There are lots of traits we can blame solely on genetics, but as the Children’s Museum of Indianapolis explains, several studies over the last few decades have proved that belief wrong. Many of these studies involved identical twins. In some cases, one twin could roll their tongue while the other could not.
Even more interesting is the same 1951 study that looked at Japanese school children and the ratio of them that could roll their tongues. The University of Delaware states that while only 54% of children aged 6-7 could roll their tongues, 76% could roll their tongues by the age of 12. With other variables accounted for, the researchers concluded that the majority of the additional 22% had learned how to roll their tongues in the 5-6 years since they were last polled.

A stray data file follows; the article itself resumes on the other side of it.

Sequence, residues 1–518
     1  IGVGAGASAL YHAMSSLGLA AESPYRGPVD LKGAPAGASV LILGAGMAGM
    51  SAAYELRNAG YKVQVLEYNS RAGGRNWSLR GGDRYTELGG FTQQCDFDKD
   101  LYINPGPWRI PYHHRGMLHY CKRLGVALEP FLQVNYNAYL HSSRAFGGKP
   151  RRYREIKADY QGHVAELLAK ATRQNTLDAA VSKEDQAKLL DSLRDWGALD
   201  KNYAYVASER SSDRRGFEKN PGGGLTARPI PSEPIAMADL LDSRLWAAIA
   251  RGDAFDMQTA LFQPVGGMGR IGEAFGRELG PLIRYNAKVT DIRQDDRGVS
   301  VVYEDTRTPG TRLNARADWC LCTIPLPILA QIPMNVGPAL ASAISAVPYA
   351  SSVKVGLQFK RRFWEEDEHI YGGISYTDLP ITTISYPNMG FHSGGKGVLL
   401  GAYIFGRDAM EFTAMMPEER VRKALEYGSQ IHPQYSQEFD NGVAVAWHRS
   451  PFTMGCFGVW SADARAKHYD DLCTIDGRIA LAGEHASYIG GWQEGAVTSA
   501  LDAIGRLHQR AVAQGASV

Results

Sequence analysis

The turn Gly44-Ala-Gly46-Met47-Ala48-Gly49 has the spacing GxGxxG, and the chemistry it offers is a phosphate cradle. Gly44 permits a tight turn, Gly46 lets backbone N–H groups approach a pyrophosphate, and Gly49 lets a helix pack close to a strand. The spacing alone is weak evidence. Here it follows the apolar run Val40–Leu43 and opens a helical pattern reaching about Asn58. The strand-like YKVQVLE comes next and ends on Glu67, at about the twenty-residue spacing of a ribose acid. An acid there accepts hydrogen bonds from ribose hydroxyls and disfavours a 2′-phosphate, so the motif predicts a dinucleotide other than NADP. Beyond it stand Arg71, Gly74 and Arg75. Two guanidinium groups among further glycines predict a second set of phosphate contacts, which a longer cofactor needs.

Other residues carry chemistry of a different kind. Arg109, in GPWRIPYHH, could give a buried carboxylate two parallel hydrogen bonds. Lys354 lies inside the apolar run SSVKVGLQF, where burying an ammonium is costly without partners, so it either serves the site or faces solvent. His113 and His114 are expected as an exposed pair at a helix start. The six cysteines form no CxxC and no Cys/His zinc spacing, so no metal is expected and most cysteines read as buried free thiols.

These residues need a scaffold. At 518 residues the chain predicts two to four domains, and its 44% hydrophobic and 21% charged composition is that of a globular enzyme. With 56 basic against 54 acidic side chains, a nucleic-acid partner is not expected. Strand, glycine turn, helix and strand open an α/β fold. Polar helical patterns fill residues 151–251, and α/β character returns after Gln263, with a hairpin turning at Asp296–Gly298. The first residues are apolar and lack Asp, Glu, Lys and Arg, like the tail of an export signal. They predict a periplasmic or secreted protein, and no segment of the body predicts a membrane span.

As Good Housekeeping puts it, people who want to roll their tongues may be able to learn the skill, regardless of their genetics. The skill itself is likely rooted in a mix of environmental and biological factors, leaving its single-source — if there is one — a mystery.